Saudi learning platform takes Twitter by storm

Updated 15 February 2018
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Saudi learning platform takes Twitter by storm

JEDDAH: A Saudi electronic learning platform has been named one of the top five educational accounts on Twitter.
“English Mastery,” a non-profitable language program, was launched a year ago and has more than 29,000 followers on Twitter and 7 million account subscribers worldwide.
E-learning platforms provide easy access to information while saving money and time, and offer enjoyable methods for teaching.
“English Mastery” is aimed at students of general and higher education in the Middle East. The electronic platform encourages self-learning, and is based on the concept of learn more and pay less. It produces a blog for learning English, hosts tutors on their Snapchat accounts, and produces videos and design info-graphs to help students.
Mohammed bin Naji Al-Yamani, the platform’s executive director, told Arab News: “It is a Saudi initiative to master the English language under the supervision of a group of Saudi academics and specialists in English language education. We aim to promote self-learning in the era of digital transformation through the use of interactive electronic platforms through social media.”
Along with Al-Yamani, the platform’s volunteer team all specialize in English language teaching.
“We wanted the initiative to be fully voluntary because of our sense of social responsibility,” said Al-Yamani. “The initiative does not have any financial support. The team members’ goal is to serve the learner. There is no doubt that financial support is important and we look forward to the best in the coming period.”
“Our vision in the future is to make ‘English Mastery’ an integrated platform with an official location and interactive application that enhances self-learning.”
Abdullah Al-Shehri, a Saudi language student in the UK, told Arab News: “The ‘English Mastery’ blog and resources were very useful in my journey of self-learning. I believe it is among the best accounts ever.”


Investigation into alleged mistakes in Yemen find coalition forces acted properly

Updated 17 January 2019
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Investigation into alleged mistakes in Yemen find coalition forces acted properly

JEDDAH: The Joint Incident Assessment Team in Yemen (JIAT) has investigated four allegations made by international governmental and non-governmental organizations and media about mistakes made by coalition forces while carrying out military operations inside Yemen.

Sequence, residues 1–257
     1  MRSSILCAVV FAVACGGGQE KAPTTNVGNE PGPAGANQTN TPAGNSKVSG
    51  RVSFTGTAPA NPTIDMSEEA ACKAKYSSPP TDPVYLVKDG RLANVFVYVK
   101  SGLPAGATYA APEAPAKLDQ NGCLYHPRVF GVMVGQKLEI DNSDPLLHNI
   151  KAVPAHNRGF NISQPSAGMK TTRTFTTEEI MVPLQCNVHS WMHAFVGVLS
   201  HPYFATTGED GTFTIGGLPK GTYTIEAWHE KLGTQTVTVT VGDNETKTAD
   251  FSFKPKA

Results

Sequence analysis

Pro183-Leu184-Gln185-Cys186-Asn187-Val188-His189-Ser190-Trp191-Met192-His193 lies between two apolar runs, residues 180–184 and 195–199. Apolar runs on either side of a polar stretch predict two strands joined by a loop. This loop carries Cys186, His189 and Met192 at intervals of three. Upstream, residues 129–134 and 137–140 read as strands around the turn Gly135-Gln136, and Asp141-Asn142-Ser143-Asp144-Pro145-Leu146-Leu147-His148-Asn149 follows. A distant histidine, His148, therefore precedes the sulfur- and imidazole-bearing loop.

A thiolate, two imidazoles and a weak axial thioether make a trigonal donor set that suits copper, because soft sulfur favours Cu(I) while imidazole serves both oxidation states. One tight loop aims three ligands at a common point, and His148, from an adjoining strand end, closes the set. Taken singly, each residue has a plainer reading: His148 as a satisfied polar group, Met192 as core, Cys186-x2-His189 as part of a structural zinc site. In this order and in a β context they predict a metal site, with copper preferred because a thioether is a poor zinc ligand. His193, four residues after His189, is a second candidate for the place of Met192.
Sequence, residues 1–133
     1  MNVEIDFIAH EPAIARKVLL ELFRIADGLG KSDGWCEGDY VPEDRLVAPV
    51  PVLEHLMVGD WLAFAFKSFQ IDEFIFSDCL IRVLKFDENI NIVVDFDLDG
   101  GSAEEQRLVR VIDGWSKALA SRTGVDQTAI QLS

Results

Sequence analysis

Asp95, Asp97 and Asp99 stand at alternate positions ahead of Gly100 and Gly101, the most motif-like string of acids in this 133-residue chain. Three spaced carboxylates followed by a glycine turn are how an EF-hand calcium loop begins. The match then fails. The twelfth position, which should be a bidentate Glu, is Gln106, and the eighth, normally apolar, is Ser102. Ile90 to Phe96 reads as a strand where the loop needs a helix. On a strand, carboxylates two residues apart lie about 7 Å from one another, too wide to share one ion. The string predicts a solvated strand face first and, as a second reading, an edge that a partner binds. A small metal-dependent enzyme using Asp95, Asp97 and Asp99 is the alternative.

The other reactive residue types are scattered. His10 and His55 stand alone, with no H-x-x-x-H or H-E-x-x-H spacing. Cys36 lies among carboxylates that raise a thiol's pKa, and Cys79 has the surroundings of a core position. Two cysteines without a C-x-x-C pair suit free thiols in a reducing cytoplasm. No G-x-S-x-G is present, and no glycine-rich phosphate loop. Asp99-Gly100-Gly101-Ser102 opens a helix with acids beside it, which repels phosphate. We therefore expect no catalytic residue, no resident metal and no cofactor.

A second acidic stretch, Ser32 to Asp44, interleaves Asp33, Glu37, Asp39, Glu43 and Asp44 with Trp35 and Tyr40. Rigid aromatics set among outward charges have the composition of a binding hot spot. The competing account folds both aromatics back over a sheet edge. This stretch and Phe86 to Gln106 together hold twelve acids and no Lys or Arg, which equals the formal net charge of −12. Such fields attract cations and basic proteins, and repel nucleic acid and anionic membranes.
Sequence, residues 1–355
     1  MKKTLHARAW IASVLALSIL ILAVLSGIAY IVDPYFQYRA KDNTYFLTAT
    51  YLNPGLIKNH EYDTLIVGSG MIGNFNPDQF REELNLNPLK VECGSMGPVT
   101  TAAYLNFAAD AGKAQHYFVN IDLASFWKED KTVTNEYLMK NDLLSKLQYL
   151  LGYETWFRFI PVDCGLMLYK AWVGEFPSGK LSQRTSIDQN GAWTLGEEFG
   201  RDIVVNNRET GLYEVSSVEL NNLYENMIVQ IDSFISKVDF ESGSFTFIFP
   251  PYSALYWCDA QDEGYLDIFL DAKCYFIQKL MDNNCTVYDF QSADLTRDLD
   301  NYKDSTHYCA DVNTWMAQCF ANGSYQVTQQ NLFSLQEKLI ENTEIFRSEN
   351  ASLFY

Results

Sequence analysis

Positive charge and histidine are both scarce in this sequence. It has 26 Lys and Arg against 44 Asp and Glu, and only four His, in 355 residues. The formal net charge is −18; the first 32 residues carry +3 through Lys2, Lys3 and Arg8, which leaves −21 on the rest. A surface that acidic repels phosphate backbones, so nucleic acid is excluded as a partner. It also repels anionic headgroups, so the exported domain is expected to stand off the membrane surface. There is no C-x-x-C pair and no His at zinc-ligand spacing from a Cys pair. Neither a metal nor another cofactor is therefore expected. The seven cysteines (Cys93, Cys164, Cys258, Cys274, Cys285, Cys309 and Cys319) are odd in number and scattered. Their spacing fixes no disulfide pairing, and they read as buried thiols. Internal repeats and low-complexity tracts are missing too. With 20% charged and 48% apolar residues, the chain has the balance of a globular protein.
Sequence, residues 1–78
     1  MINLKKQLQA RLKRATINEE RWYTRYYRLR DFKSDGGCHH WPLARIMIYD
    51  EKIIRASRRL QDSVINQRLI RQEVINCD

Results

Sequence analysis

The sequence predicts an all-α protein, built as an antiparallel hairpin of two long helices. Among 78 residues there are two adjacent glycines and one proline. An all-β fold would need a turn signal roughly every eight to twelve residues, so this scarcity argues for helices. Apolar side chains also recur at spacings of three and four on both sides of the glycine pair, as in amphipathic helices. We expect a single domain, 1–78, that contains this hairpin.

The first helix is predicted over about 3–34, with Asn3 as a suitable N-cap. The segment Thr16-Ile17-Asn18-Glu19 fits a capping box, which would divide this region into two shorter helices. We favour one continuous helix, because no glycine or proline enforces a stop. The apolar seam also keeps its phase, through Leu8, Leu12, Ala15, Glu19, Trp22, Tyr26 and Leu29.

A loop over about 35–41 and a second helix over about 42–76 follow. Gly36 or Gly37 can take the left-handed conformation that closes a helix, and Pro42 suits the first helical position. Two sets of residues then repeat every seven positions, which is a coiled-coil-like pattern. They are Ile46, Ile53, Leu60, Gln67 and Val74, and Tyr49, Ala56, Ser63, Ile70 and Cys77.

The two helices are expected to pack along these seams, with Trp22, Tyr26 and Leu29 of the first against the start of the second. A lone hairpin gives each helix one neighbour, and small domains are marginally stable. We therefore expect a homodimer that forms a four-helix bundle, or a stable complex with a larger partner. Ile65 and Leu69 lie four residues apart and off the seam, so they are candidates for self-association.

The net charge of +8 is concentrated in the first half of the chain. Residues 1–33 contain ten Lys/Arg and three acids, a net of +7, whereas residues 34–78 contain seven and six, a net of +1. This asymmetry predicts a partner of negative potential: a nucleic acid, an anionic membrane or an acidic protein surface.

JIAT spokesman Mansour Al-Mansour said that the team concluded that the procedures followed by the coalition forces were proper and safe, taking into consideration the rules of engagement, international humanitarian law and the coalition’s own rules.
Team members visited a number of cities in Yemen, including Aden, Lahj and Khor Maksar, during the investigation and spoke to witnesses, victims and their families to gather evidence and establish the facts.
In one of the incidents that was investigated, coalition warship fired on and destroyed a craft in the waters off the Yemeni port of Al-Khokha in September. Al-Mansour said that after examining documents and evidence JIAT had concluded that an alliance ship was escorting and protecting a flotilla of three Saudi merchant ships when, in an area off the port of Al-Khokha, a boat was spotted approaching the convoy at a high speed from the direction of the Yemeni coast.
The escort ship followed the accepted rules of engagement by repeatedly warning the unidentified vessel, using loudspeakers, not to come any closer. When these went unheeded, warning shots were fired but the boat continued to approach.
“On reaching an area that represented a threat to the convoy, the protection ship tackled the boat according to the rules of engagement and targeted it, resulting in an explosion on the boat,” said Al-Mansour. “The protection ship continued escorting the convoy. After the escort task was completed, the protection ship returned to the site of the targeted boat to carry out a search-and-rescue operation for the crew of the target boat but no one was found.”